In the run-up to both the Congressional vote and the UN Security Council vote, administration officials made it clear that they felt they had the authority to go to war with Iraq with or without Congressional or UN approval. Hence the veiled threat voiced by Bush and other administration officials that if the Security Council and the United Nations wanted to remain "relevant," they had better support U.S. calls for strong action -- up to and including military intervention -- against Iraq.

As for the Democrats, their leadership badly misplayed what admittedly was a difficult hand. The notion that granting the President his war resolution would somehow take the war issue off the table and clear the way for discussion of domestic issues, which were considered the Democratic party's strong suit, was a colossal miscalculation. Not only did it give voters concerned about the war nowhere to turn on election day -- depressing turnout in the process -- but the national Democratic party never even bothered to craft an alternative domestic agenda. Not only was there no equivalent of the ten-point "Contract With America" that helped Republicans seize control of the house in the 1994 mid-term elections, there was no plan at all.

Despite the President's extensive campaigning throughout the fall, public support for the war continued to decline from late August up until the eve of the mid-term elections: support dropped 10 percent according to a Fox news poll, and 9 percent according to a poll by the Pew Research Center. The percentage of Americans who said they would support a war in Iraq if the United States were acting alone dropped from 33 percent to 27 percent , according to the Pew poll. "There is a great deal of concern about the consequences of the war," noted Pew researcher Carroll Doherty.

In short, this is no time for anti-war forces to get discouraged, or to sit on their hands. Well aware that it has failed to win the "hearts and minds" of the American people on the war issue, Bush administration officials announced in early November that they would be offering support to the newly formed "Coalition for the Liberation of Iraq," a conservative front group chaired by former Lockheed Martin vice-president Bruce Jackson and including among its high profile supporters former Secretary of State George Shultz, Sen. John McCain, and (sad but true) former Nebraska Senator and current New School University President Bob Kerrey. The group's executive director, Randy Scheunemann, has argued that their goal is to make sure that the Bush administration isn't put on the defensive on the war issue during the "post-election vacuum" by trying to turn around the situation in which Congressional offices have been "getting a lot of calls against and not many for" the war.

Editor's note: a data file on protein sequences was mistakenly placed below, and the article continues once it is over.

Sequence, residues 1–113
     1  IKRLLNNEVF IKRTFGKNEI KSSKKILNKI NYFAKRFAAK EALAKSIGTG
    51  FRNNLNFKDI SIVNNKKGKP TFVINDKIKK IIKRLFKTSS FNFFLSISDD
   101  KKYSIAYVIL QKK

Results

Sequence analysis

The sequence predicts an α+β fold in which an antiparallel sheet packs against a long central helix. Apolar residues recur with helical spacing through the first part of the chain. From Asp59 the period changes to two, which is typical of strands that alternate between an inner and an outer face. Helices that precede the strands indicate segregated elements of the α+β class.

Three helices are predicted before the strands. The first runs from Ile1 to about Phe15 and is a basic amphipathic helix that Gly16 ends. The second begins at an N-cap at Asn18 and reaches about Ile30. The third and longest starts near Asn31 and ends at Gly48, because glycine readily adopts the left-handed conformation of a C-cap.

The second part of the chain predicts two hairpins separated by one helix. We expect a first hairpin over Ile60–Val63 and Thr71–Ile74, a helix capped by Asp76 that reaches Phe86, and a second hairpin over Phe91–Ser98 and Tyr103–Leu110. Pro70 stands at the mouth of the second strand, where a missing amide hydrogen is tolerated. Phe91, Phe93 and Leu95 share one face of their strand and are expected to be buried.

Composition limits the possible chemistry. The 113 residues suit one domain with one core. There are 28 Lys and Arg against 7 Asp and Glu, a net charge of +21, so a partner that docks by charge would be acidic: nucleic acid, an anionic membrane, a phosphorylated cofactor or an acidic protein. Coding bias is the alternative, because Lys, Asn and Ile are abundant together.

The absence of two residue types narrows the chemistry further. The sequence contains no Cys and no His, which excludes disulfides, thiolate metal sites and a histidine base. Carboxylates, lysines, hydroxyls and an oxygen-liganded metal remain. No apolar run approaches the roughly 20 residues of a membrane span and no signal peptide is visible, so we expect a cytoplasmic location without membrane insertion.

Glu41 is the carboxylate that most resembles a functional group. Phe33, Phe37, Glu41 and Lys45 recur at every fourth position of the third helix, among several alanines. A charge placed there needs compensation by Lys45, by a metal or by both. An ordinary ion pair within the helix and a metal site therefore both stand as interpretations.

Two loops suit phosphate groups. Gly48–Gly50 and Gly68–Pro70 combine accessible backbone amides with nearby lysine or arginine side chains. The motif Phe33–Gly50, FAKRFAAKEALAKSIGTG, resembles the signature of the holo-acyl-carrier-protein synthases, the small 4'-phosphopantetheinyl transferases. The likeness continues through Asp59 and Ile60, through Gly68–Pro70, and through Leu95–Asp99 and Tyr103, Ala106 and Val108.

There are a few small glimmers of hope in the new Congress, but it's clear that the momentum against war in Iraq (and the war-driven policy of the Bush administration) will have to come from the citizenry, not Washington. San Francisco Democrat Nancy Pelosi, the new Minority Leader in the House, helped lead the Democratic opposition to the Iraq war resolution, and should be more receptive to progressive concerns than Dick Gephardt was. Indiana Republican Richard Lugar, who is in line to run the Senate Foreign Relations Committee, comes from what is left of the moderate internationalist wing of the Republican party, and should be receptive to certain issues such as joint efforts to eliminate U.S. and Russian nuclear materials and stockpiles. Other Republican moderates like Senator Chuck Hagel of Nebraska, who was a persistent critic of the Bush administration's Iraq policy in the summer and early fall, could be reactivated with enough public pressure. Dennis Kucinich, the head of the House Progressive Caucus, has been traveling the country spreading his anti-war message, and has been extremely well-received at every stop; if the progressive bloc could unite on key votes and issues, it could hold greater sway within a Democratic caucus with Nancy Pelosi at the helm.

One important "plank" in the opposition platform should be exposing the hidden costs of the war: for the U.S. and global economies, for security, for human rights, and for civil liberties and the health of democracy, both here and abroad. In the current issue of the New York Review of Books, Yale University economist William Nordhaus makes a "best case" and "worst case" set of estimates of the economic impacts of a war in Iraq, and comes out with figures ranging from $120 billion to more than $1.5 trillion. The larger figure takes into account the effects of possible disruption in the oil markets, Iraqi use of chemical and biological weapons, the costs of an extended military occupation of Iraq, and other factors that have not been addressed in estimates to date.

What is needed now is a "big tent" approach to pushing back the Bush administration's unilateralist military policies, involving a broad coalition ranging from moderate Republicans and anti-war Democrats to religious, business, trade union, and student leaders. It will not be possible to create a common program among such a diverse group, but it should be possible to at least work in parallel and coalesce on issues of interest.

William D. Hartung is a Senior Fellow at the World Policy Institute and the Director of the Arms Trade Resource Center

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Albion Monitor November 26 2002 (